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November 04, 2010
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January 05, 2011
Earlier this year the Brookings Institution and the Greater Ohio Policy Center garnered attention from both gubernatorial candidates for their suggestion in the Restoring Prosperity report that smaller Ohio school districts consolidate. Despite typically having negative connotations, consolidation came across as a pragmatic rather than ominous idea. That’s because, according to Brookings, Ohio spends 49 percent more on district administration than the national average. It ranks 47th in the level of spending that makes it into K-12 classroom, but ninth in terms of money spent on administration.
A few districts have experimented with consolidating administrative positions. Two Bexley schools – the district’s middle and high school – will have just one principal next year (with assistant principals at each school), a move that will save $100,000. And several years ago, Rittman Exempted Village School District and Orville City School District (in Wayne County) merged their top administrative staffs to realize $270,000 in annual savings. A previous Ohio Gadfly analysis estimated that if school districts with fewer than 1,700 pupils consolidated a few administrative roles it could result in up to $40 million in savings. These numbers are important when one consider that of Ohio’s current 613 districts, half serve fewer than 1,300 students – the size of many high schools.
But can Ohio districts really thin out their central offices, or is there a critical mass of administrative staff toward which most Ohio districts converge out of necessity? How many administrators do districts actually employ, and how much do they spend on them? And do these patterns vary according to district size? We examined student-administrator* ratios and the amount spent on administrators as a percent of total expenditures in all Ohio districts for which the data were available, and broke down the data to see if patterns emerge according to district size. Here’s what we found.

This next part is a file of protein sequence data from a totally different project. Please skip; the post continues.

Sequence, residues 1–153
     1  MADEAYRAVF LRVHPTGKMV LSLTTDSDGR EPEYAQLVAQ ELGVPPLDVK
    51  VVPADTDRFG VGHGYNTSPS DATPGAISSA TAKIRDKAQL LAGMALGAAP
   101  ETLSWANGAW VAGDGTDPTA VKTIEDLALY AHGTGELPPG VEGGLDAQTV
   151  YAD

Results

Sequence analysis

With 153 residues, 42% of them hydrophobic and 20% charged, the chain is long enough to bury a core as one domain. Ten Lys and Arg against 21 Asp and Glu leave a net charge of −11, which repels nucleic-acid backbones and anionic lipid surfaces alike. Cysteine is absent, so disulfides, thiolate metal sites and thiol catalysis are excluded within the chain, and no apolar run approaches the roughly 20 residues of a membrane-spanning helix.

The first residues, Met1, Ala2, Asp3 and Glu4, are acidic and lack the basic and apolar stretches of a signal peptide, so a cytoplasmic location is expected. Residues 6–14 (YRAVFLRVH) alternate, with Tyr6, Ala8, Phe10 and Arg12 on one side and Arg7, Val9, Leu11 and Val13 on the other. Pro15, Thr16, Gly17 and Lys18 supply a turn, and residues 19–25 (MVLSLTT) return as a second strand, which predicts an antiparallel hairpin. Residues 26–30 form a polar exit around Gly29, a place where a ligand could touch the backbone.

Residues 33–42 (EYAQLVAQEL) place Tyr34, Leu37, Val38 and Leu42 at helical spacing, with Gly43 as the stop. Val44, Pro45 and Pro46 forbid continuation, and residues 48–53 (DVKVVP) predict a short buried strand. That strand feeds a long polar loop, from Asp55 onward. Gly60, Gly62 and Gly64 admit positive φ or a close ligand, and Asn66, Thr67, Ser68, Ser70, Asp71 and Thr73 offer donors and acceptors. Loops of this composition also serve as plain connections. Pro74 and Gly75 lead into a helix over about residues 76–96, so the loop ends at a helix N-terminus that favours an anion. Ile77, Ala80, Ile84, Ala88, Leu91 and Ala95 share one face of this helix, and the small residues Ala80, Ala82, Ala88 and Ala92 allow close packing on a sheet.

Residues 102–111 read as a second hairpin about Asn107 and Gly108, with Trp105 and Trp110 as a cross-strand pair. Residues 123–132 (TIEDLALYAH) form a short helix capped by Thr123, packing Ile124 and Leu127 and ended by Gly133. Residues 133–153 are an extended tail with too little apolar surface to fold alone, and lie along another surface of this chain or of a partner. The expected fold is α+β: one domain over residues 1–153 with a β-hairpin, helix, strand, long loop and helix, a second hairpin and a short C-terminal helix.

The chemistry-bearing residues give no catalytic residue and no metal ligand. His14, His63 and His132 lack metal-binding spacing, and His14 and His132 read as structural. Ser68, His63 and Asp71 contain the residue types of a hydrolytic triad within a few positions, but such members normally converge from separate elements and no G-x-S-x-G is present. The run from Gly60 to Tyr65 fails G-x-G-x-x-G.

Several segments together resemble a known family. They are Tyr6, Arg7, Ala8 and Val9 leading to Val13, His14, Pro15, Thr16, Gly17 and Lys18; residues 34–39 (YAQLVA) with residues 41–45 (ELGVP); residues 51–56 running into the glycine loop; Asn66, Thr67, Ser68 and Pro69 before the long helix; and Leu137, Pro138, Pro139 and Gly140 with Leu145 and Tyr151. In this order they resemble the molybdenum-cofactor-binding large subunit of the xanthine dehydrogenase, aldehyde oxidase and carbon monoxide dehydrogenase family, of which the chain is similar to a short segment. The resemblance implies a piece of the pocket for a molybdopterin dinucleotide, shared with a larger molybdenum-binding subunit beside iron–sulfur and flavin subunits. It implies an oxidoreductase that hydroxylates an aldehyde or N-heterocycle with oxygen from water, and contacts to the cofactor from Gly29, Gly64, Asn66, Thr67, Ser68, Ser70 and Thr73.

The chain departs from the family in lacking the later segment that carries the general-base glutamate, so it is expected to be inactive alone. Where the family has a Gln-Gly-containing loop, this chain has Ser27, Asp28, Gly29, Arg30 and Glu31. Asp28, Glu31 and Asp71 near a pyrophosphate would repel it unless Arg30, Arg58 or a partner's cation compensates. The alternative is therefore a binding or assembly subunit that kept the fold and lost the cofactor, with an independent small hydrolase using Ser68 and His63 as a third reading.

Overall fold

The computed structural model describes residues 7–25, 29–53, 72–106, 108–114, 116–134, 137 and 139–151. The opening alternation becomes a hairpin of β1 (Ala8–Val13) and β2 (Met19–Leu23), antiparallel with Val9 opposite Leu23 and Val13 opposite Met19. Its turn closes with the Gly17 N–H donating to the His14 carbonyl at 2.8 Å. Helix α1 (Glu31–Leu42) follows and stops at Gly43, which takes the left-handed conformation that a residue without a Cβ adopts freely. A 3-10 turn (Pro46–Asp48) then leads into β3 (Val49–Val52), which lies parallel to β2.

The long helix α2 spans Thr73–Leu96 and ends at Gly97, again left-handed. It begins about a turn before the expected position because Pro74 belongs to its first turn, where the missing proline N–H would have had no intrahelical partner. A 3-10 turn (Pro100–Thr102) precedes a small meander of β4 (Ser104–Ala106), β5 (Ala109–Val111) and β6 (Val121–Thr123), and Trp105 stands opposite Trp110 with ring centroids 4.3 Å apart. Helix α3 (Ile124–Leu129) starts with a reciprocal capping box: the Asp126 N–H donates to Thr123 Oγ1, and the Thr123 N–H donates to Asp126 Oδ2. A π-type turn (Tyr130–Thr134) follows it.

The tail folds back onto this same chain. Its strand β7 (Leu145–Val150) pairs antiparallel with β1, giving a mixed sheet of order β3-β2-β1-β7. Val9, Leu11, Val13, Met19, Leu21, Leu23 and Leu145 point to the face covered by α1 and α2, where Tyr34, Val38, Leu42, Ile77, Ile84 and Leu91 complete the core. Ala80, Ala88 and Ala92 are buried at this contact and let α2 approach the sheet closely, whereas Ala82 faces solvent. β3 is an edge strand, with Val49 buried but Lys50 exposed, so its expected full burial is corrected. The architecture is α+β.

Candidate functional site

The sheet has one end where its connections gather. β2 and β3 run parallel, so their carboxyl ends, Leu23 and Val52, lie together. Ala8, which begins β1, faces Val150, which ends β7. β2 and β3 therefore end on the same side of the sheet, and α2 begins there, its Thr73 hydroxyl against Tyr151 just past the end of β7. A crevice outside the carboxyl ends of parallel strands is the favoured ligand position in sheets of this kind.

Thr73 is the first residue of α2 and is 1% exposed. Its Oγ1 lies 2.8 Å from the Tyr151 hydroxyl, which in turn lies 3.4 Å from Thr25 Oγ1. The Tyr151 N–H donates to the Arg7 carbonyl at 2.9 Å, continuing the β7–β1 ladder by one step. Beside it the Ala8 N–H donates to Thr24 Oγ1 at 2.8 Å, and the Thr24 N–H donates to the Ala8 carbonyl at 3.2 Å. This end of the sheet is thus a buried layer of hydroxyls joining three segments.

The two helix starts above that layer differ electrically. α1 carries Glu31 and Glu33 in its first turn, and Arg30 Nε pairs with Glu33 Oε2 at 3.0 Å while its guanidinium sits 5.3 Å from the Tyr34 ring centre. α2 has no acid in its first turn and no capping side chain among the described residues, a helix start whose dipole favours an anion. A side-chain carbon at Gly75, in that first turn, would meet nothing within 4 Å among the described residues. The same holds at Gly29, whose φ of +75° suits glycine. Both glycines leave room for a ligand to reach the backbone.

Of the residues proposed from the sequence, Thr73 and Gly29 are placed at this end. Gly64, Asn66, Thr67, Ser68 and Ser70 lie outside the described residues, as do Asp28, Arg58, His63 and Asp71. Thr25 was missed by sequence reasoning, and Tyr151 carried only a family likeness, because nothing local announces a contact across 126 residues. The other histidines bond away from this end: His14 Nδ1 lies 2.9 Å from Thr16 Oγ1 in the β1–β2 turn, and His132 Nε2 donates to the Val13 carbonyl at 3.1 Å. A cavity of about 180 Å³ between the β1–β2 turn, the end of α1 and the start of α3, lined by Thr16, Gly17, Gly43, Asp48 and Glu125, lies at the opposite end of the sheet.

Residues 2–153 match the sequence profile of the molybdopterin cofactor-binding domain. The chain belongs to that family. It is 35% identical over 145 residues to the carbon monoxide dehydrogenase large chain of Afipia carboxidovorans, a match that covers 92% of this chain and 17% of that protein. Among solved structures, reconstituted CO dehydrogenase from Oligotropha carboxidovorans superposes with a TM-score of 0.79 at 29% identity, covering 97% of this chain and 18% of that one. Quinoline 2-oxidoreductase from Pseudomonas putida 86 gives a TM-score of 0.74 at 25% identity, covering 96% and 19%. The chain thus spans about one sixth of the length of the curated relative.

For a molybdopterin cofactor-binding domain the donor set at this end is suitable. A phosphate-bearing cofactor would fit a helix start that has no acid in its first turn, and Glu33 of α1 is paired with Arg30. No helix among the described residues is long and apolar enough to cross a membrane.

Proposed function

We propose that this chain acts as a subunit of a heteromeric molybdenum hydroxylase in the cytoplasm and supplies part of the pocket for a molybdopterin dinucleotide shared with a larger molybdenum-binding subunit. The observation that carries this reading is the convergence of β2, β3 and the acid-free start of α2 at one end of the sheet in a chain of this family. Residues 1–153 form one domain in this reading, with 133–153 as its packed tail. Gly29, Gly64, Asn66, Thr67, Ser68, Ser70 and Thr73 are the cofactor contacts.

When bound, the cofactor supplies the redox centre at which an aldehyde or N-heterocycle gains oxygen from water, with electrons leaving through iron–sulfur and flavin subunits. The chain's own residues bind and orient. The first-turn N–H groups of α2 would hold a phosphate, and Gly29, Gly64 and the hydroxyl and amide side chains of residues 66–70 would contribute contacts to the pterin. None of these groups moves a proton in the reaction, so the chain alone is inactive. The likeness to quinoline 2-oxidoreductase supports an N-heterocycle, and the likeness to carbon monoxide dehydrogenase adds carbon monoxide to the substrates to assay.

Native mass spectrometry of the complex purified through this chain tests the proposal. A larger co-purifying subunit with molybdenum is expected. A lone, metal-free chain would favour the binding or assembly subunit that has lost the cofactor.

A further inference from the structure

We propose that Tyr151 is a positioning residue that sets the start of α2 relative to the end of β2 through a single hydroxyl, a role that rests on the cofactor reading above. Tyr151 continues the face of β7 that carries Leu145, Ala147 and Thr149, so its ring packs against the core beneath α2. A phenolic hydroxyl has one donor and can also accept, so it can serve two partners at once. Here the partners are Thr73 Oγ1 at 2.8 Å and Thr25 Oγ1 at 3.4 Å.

The average student-administrator ratio is 150.2, with the most top-heavy district (Bettsville Local) at 37.4 students per administrator and the leanest (New Albany-Plain Local) at 308.6.
Graph I: Average student-admin ratios in Ohio districts, by size (2008)
Source: FY 2009 Cupp Report, Ohio Department of Education.
As graph I illustrates, the workload for each administrator (as measured by student-administrator ratio) grows with district size up until the largest category of districts with 15,000 or more students (of which Ohio has very few, actually). The smallest districts, those with less than 1,000 students, have nearly 100 fewer pupils per administrator than the leanest districts.
That the largest districts experience a drop in average student-administrator ratio actually makes sense. Large districts – especially urban ones - experience unique management challenges, more complicated and overlapping funding, and a level of performance data tracking that probably justifies extra staff support.
The same findings hold true when comparing spending patterns on administrators, which ranked from 7.3 percent in the leanest district and 21.9 percent at the high end. When broken down by size, we observed a similar pattern-- the larger the district, the more “lean” – up until a point. (View this graph on Flypaper.)
It’s worth noting that the size of district administrative staffs may in fact be higher than reported by this analysis, as it’s commonly purported that districts and schools “hide” administrators in teaching positions instead of reporting them appropriately.
It’s also worth pointing out that while $40 million in savings is significant, true savings potential from staffing reductions – the likes of which will address Ohio’s impending $6 to $8 billion deficit – will only be realized by curbing the number of teachers. (See piece above.)
Unfortunately, increasing student-teacher ratios is not the most politically palatable idea, and Ohio leaders are more likely to gravitate toward a piecemeal approach to savings. Consolidating administrative positions – especially within and across Ohio’s smallest districts—represents one cost savings opportunity that won’t wreak havoc on student performance and could garner bipartisan support.
* Note: “Administrator” is defined broadly in this data and differs from the definition in Restoring Prosperity. This definition is based on state-defined classifications that include: 100-Official/Administrative; 101-Administratoristrative Assistant; 102-Assistant, Deputy/Associate Superintendent; 104-Assistant Principal; 107-Ombudsman; 108-Principal; 109-Superintendent; 110-Supervising/managing/directing assignment; 111-Tax assessing/collecting assignment; 112-Treasurer; 113-Coordinator; 114-Education Administrative Specialist; 115-Director; 116-Community school administrator; 199-Other official/administrative.